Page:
Umar (film)

Umar is a 2006 Indian crime-drama film directed by Karan Razdan. The film stars Jimmy Sheirgill, Kader Khan, Satish Kaushik, Prem Chopra in lead roles, with Shenaz Treasurywala, Shakti Kapoor, Dalip Tahil and Rez Kempton in supporting roles; the film story follows a young man played by Shergill, framed for a crime he did not commit and is on the run from the police, aided with three elder men played by Khan and Chopra. Chandrakant Mehta, Rajpal Singh and Iqbal Khan are best friends, living their last years in United Kingdom; the lives of the men are complicated as Mehta and Singh are mistreated as servants by their own children and Khan is victim of racial discrimination from the British community. However, they find love in form of a caring young man Shashank Dutt. Shashank is a student and works as a part-time waiter and singer in a bar for a living and is in love with Sapna Lakha, daughter of a rich business tycoon Prem Lakha. Sapna introduces Shashank to her father for marriage but the latter disagrees because of Shashank's status.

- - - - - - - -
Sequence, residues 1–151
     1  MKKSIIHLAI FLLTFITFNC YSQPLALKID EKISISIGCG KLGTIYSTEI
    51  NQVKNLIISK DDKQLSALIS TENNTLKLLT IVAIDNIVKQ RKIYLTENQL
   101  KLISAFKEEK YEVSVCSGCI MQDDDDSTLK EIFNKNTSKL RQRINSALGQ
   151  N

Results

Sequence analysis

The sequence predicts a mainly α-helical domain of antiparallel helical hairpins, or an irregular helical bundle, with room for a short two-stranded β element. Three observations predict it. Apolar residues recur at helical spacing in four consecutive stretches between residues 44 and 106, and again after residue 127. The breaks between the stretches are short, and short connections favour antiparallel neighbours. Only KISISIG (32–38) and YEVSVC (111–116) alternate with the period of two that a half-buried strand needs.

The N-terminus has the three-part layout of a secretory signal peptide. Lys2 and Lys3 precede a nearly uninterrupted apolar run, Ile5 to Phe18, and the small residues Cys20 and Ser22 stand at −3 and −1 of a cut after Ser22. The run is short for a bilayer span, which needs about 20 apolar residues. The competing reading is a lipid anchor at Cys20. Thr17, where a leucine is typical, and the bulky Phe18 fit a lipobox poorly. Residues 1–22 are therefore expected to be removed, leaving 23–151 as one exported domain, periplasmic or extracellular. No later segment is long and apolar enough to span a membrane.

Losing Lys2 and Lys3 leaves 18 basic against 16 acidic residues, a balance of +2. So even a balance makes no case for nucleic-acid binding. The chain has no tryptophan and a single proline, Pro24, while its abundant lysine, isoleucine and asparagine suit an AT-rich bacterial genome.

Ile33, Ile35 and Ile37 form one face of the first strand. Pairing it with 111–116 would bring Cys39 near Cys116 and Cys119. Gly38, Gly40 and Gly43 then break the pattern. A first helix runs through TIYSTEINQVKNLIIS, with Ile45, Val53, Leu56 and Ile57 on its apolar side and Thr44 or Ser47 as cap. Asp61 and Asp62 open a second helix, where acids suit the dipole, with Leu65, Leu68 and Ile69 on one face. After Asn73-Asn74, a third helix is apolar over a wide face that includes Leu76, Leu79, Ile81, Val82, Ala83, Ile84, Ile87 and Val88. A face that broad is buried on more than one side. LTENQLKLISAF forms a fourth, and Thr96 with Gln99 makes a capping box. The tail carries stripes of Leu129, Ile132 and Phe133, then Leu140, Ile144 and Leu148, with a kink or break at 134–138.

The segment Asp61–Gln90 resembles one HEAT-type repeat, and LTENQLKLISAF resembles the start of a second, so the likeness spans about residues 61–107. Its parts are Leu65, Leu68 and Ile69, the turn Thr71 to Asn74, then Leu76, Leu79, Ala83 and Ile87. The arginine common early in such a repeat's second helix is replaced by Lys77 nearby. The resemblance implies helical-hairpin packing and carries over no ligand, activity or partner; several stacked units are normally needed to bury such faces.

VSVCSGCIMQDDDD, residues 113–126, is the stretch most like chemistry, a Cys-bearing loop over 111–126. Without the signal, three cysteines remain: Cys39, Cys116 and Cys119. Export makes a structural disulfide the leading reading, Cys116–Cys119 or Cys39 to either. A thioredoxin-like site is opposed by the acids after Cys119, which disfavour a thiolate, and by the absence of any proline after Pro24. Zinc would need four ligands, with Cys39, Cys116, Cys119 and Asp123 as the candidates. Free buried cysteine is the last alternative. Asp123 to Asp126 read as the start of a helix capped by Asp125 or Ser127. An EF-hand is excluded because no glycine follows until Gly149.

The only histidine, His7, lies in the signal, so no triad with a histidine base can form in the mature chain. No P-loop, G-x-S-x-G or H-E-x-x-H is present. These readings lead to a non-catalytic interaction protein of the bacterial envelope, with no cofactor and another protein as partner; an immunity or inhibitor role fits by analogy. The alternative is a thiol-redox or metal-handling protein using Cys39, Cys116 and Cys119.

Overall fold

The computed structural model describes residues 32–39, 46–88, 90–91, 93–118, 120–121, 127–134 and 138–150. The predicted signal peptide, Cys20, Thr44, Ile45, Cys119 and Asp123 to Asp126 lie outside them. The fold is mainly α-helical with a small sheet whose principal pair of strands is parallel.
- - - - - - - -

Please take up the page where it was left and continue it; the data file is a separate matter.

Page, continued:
However, the owner of the bar Victoria falls for Shashank and he rejects her advances, as he is still loyal to Sapna. But one day Victoria gets all the evidences points towards Shashank. Shashank is jailed by the police thereafter. After learning this incident, the three men help Shashank in his escape, which turns them into fugitives as well. Jimmy Sheirgill as Shashank Dutt Shenaz Treasurywala as Sapna Lakha Kader Khan as Iqbal Khan Prem Chopra as Chandrakant Mehta Satish Kaushik as Rajpal Singh Shakti Kapoor as Prem Lakha Dalip Tahil as Ben Chibber Rez Kempton as Girish Mehta Varun Juneja as Chucky Singh Film critic Taran Adarsh from Bollywood Hungama rated the film 1.5 out 5. Akash Gandhi rated the film 7.5 ou of 10. Priyanka Jain from Rediff criticised the film with no ratings. All music composed by Shamir Tandon. Trivia: Duniyawalon, a Qawwali, is the last released song Of the legendary singer Manna Dey "Aankhon Mein Tum" - Hariharan, Sunidhi Chauhan "Akele Mein Hum To Ghabhra Gaye'"- Babul Supriyo "Bechein Sansein" - Bhupinder Singh "Duniyawalon Ko Nahi Kuch Bhi" - Sonu Nigam, Manna Dey, Shabab Sabri, Kavita Krishnamurthy "Kumari Chadke" - Jagjit Singh "Piya" - Om Umar on IMDb

Corfield v. Coryell